I had a very interesting experience over the Christmas period relating to what has been - for more than 35 years - officially My Favourite TV Programme Ever.
This was a BBC comedy drama called Don't Forget to Write, broadcast in two series of six episodes in 1977 and 1979 - written by Charles Wood, starring George Cole (as Gordon Maple) and Gwen Watford as his wife.
It was never repeated, and has never been available in any format such as video or DVD - so the only thing I had to go on were my memories of the one-off experience. The series was (as can be inferred) not very successful or popular, and I can pretty much guarantee that nobody reading this has watched all twelve episodes as I did.
On that basis and memory, I absolutely loved Don't Forget to Write - for years and years it was a depiction of an ideal dream of how I would like to live.
It had a writer who initially lived in or near Bristol (as I did - although in the second series they moved to a rambling country house), with an attractive and devoted wife, two kids (boy and girl) - and with his best friend (and his family) living within easy walking distance.
What happened was based around the trials and tribulations of being a writer, the financial uncertainties and writing blocks, the writing aids and triumphs, and the petty ambitions and jealousies of having a more successful best friend who was also a writer. There was the cosiness of the family, and an underlying love and dedication; there was also the glamour and status of having an agent, plays put on, reading about yourself in the newspapers, writing movie scripts and attending the shooting...
As a package, for me, for most of my life - this was an ideal thing.
Imagine my excitement when I discovered about three months ago that, for some incomprehensible reason, the Australian Broadcasting Corporation had released both series of Don't Forget to Write on DVD! At last I could see it again!
My brother imported it and gave it to me for Christmas - and on Christmas day and over the period before New Year I watched all twelve, hour long episodes...
To say that I was disappointed does not begin to describe the strange, complex feelings which re-watching DFTW brought to me - I have been brooding on it for the past few weeks.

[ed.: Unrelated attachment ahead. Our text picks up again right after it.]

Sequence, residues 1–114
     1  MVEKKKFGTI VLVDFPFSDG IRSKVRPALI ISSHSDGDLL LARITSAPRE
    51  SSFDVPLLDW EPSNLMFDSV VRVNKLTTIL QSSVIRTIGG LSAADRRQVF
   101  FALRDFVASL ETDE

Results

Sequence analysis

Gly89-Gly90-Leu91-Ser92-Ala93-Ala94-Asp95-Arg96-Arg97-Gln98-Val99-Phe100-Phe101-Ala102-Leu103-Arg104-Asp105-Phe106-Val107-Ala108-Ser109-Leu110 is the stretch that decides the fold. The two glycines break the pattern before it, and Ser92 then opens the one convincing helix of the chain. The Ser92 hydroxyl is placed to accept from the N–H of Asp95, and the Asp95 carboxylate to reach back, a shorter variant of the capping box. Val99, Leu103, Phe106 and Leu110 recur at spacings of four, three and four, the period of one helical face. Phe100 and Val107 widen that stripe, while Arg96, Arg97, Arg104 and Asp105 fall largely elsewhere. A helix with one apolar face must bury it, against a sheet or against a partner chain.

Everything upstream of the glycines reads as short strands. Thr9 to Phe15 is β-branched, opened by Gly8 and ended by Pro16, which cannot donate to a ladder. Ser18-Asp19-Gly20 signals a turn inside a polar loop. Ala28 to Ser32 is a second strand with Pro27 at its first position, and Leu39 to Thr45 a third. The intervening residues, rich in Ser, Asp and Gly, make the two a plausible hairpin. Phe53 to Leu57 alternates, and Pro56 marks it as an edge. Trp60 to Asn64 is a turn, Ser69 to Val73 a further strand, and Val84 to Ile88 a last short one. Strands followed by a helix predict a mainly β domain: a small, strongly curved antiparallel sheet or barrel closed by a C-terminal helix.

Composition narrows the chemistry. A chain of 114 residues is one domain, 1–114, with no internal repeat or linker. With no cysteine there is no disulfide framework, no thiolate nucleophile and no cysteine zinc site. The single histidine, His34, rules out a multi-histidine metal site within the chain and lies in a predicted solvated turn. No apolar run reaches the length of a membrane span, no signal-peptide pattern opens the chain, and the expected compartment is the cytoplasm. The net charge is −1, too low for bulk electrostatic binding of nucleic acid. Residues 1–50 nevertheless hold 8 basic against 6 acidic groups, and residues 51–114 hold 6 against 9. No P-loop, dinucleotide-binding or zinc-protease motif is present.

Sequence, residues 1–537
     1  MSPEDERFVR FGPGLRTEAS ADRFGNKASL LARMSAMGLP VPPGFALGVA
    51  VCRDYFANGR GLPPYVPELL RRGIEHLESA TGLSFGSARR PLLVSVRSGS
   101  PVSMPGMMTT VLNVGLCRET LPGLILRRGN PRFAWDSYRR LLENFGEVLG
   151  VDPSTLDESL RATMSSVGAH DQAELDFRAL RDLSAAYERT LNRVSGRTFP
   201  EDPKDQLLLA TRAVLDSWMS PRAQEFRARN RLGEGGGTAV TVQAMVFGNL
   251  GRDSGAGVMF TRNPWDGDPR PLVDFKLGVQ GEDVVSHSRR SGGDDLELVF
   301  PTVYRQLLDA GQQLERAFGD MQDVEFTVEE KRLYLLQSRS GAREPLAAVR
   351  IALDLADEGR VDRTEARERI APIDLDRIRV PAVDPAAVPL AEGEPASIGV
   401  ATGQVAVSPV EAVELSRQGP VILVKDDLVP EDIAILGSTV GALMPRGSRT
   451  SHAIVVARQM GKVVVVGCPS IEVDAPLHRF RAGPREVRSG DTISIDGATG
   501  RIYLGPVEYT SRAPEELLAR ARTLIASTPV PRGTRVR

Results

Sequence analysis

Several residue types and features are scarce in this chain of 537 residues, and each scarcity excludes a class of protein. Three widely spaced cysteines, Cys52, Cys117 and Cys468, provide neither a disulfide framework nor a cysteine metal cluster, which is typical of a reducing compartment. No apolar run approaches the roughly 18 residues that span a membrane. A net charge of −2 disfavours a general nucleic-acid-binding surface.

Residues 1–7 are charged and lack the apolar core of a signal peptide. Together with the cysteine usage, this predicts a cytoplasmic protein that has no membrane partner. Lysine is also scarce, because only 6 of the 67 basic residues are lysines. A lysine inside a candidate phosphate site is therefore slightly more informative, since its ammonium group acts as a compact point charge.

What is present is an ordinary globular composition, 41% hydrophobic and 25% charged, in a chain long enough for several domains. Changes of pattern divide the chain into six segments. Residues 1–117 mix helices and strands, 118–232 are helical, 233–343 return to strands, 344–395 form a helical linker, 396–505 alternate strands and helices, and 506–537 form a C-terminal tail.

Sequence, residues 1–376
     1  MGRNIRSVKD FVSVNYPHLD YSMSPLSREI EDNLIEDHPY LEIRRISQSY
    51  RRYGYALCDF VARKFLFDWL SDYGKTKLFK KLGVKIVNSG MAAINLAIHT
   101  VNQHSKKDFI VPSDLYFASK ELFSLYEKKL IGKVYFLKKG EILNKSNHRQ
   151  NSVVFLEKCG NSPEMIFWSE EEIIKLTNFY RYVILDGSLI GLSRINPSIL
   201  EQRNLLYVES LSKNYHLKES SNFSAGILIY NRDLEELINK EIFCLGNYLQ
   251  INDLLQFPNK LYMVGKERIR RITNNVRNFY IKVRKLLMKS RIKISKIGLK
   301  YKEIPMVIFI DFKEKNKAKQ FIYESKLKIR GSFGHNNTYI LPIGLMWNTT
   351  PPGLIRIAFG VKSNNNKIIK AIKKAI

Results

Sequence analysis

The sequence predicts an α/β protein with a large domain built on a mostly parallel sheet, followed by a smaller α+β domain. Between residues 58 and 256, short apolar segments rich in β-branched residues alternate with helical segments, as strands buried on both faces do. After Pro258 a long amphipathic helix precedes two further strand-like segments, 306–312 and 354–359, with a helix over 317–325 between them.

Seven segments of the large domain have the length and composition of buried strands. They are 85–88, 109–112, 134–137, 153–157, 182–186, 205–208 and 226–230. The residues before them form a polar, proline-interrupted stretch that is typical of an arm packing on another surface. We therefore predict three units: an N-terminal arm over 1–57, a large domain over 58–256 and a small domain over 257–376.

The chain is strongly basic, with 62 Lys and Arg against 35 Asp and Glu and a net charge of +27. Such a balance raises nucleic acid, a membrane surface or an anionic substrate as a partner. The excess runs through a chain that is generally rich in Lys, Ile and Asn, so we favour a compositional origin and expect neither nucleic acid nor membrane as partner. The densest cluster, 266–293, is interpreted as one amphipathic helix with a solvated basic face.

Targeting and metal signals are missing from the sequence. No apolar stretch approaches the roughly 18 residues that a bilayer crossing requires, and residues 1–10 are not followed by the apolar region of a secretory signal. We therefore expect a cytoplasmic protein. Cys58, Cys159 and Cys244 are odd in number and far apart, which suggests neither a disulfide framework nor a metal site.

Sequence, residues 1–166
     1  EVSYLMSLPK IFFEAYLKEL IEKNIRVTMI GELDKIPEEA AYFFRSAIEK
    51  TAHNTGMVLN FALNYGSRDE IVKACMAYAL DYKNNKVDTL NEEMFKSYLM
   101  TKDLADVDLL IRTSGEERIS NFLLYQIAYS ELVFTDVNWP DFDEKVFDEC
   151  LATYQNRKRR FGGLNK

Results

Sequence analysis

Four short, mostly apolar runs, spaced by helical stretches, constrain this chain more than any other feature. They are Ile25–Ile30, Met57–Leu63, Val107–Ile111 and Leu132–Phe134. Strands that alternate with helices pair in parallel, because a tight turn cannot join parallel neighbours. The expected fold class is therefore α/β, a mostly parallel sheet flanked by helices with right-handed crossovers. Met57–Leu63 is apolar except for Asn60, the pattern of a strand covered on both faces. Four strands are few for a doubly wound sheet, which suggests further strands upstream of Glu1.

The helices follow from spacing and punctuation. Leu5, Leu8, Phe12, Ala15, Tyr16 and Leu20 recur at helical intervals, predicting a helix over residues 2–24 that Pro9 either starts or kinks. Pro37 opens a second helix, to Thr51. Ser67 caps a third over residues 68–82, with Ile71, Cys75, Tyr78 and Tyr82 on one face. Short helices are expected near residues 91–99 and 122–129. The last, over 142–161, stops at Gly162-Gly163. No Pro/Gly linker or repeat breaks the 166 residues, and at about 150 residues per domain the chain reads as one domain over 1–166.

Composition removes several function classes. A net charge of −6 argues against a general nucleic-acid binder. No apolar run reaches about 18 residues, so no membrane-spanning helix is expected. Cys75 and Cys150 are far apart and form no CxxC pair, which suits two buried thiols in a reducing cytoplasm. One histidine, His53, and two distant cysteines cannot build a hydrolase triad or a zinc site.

It was not so much that DFTW was bad - although a couple of the episodes were almost unwatchably bad; and one of them deliberately so, since (presumably as a joke/ discipline) ALL the dialogue (for an hour length drama) consisted of questions; while another episode featured a telephone ringing loudly in the background for long periods - but I brooded about the revelation concerning my former self.
The ideal DFTW that I had enjoyed and recalled in the manner described above, did have some very slender basis in fact - but the overwhelming tone was shallow, spiteful, seedy, accepting of sexual corruption and gross dishonesty, full of horrible characters, gratuitous nastiness and hatreds... in sum it looks very much as if the young me was idealizing the selfish shenanigans of a bunch of smug, spoilt pseuds...
So far I have concluded that:
1. My tastes have changed
2. Being a Christian makes a big difference to 'artistic' evaluations.
3. What somebody gets from a work of art may be very different from that which is most obvious in a work of art.
4. The bad, evil aspects of a work of art (the casual acceptance of marital infidelity and promiscuity, for example) can nonetheless be corrupting; by normalizing evil and making it an accepted background to life, such that even when it is not indulged in, it is not effectively resisted.
5. Yet good can come from evil - on the basis that the idyll I manufactured from DFTW does, in many aspects, closely resemble the best and happiest aspects of my own life - and perhaps subliminally guided me toward this life.
It seems that I actually became (pretty much, in the essentials) the 'good' Gordon Maple of my own idealized recollections - but living in the city of my childhood imaginings (ie Newcastle) rather than the city of my actual childhood (Bristol).